C.E. Anderson, a firearms examiner with the Houston Police Department, testified that he compared the bullet fragment taken from the deceased's head with the ammunition given by appellant to his uncle and then to the police. The fragment was too mutilated to determine if it had been fired from the gun appellant had given his uncle. Anderson said that the fragment was a .22 caliber, Remington Peters brand. He also testified that the empty shell casings, which were in the sock appellant had given to his uncle, were .22 caliber, Remington Peters brand.

The Court of Appeals held that appellant's oral confession made to Wingo should not have been admitted at trial. The Court of Appeals reversed the conviction because of the use of the oral confession in violation of appellant's right to counsel under the United States and Texas Constitutions. We now review that reversal by determining the harmfulness of this violation of appellant's constitutional right to counsel. See Milton v. Wainwright, 407 U.S. 371, 92 S. Ct. 2174, 33 L. Ed. 2d 1 (1972); Harrington v. California, 395 U.S. 250, 89 S. Ct. 1726, 23 L. Ed. 2d 284 (1969); Chapman v. California, 386 U.S. 18, 87 S. Ct. 824, 17 L. Ed. 2d 705 (1967); see also United States v. Hastings, 461 U.S. 499, 103 S. Ct. 1974, 76 L. Ed. 2d 96 (1983).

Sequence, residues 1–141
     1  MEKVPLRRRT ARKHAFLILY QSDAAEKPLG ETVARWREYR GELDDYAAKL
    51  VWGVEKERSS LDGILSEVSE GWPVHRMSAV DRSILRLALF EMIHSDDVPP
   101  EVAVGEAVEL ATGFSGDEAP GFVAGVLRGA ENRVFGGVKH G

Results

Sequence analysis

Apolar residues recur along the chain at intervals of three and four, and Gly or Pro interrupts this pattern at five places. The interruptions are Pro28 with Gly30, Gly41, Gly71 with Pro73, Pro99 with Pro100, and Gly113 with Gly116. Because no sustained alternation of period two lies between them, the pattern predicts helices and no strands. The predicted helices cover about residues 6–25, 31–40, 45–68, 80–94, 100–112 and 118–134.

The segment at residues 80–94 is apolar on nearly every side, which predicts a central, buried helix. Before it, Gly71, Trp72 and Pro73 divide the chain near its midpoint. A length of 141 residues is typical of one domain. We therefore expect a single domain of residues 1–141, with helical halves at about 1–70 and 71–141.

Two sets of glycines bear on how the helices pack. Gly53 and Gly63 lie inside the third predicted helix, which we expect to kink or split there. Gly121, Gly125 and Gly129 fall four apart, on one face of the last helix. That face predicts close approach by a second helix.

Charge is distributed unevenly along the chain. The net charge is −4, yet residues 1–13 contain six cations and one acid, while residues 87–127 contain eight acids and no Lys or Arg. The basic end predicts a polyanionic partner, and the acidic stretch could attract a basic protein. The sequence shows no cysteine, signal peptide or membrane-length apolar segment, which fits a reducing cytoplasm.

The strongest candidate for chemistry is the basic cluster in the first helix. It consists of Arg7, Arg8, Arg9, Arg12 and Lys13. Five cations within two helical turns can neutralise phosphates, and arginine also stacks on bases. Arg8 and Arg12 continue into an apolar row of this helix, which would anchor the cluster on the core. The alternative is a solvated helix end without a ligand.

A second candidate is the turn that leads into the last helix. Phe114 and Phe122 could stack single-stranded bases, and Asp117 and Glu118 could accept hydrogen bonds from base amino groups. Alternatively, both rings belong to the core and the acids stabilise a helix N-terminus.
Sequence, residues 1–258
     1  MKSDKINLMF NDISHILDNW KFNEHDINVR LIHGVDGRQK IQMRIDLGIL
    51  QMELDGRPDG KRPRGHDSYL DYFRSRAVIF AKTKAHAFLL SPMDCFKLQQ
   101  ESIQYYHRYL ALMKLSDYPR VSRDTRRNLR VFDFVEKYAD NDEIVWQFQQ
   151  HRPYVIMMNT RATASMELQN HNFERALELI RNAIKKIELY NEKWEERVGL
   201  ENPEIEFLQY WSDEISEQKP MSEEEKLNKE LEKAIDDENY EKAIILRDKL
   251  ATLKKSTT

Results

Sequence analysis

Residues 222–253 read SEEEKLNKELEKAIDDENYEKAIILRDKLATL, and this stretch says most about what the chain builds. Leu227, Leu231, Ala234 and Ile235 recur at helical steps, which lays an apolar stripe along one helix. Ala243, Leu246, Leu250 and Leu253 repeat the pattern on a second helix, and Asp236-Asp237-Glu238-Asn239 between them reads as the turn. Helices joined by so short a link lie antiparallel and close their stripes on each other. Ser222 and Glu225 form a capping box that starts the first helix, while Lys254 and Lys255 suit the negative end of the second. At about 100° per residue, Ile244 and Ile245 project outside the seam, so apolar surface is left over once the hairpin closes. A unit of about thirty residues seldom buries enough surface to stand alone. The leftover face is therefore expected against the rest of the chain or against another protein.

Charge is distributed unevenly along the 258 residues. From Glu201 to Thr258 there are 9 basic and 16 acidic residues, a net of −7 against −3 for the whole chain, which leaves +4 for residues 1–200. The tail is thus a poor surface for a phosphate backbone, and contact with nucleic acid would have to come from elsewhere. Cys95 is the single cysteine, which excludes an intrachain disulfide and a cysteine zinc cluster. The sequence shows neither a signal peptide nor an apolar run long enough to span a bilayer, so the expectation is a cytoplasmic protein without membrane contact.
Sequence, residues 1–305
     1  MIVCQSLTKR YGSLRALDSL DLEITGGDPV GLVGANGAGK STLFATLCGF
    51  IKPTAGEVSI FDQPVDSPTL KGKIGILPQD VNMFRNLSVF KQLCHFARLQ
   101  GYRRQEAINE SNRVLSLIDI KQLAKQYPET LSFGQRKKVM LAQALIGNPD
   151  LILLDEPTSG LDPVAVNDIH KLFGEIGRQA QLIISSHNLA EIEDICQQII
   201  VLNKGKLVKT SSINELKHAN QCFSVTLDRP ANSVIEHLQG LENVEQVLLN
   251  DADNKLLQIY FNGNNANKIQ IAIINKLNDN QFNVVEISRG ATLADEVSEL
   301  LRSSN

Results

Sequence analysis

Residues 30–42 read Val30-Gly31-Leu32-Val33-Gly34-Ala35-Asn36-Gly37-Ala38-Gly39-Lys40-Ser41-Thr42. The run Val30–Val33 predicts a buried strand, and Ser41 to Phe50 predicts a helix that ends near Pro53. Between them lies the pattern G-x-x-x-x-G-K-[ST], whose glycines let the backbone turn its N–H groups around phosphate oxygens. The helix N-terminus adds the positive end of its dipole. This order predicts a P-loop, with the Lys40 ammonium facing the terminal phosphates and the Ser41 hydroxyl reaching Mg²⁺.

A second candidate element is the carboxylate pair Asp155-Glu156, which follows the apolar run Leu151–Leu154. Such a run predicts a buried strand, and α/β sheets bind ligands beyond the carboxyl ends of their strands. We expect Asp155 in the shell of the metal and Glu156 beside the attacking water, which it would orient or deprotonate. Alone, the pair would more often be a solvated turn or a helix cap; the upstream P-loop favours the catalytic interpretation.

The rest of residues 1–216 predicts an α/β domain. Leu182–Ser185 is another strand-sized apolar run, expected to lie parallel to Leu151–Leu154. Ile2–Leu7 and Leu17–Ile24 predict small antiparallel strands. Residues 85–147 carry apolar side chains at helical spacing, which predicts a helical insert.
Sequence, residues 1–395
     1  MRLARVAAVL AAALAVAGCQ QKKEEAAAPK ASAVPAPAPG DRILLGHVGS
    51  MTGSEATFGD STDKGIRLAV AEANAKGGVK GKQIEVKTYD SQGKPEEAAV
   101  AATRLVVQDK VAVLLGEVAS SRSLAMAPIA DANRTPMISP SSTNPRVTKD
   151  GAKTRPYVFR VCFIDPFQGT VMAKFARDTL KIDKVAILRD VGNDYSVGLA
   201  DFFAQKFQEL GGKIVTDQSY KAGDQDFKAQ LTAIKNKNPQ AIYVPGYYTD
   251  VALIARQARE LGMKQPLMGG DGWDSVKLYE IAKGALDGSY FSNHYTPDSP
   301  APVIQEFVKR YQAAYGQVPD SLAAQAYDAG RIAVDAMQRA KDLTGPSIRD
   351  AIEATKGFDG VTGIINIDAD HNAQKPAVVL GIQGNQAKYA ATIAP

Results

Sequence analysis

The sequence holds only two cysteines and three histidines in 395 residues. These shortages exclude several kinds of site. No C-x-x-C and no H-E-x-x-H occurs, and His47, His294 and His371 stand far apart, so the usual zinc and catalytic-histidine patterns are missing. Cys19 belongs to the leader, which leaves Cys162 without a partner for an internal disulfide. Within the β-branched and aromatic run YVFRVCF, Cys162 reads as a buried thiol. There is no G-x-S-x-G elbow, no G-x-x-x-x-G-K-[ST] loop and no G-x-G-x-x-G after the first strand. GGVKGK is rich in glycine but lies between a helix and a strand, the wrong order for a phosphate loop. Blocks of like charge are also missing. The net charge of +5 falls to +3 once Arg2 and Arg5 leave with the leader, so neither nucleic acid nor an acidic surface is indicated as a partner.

The evidence must be examined to determine whether "there is a reasonable possibility that the evidence complained of might have contributed to the conviction." Chapman v. California, supra, 386 U.S. at 23, 87 S. Ct. at 827. Our judgment must be based on our reading of the record and "on what seems to us to have been the probable impact of the [complained of evidence] on the minds of an average jury." Harrington v. California, supra, 395 U.S. at 254, 89 S. Ct. at 1728. The error must be found to be harmless beyond a reasonable doubt. The factors of the particular case must be considered, including whether the testimony was cumulative, the presence or absence of evidence corroborating or contradicting the testimony of the witness on material points, and the overall strength of the prosecutor's case.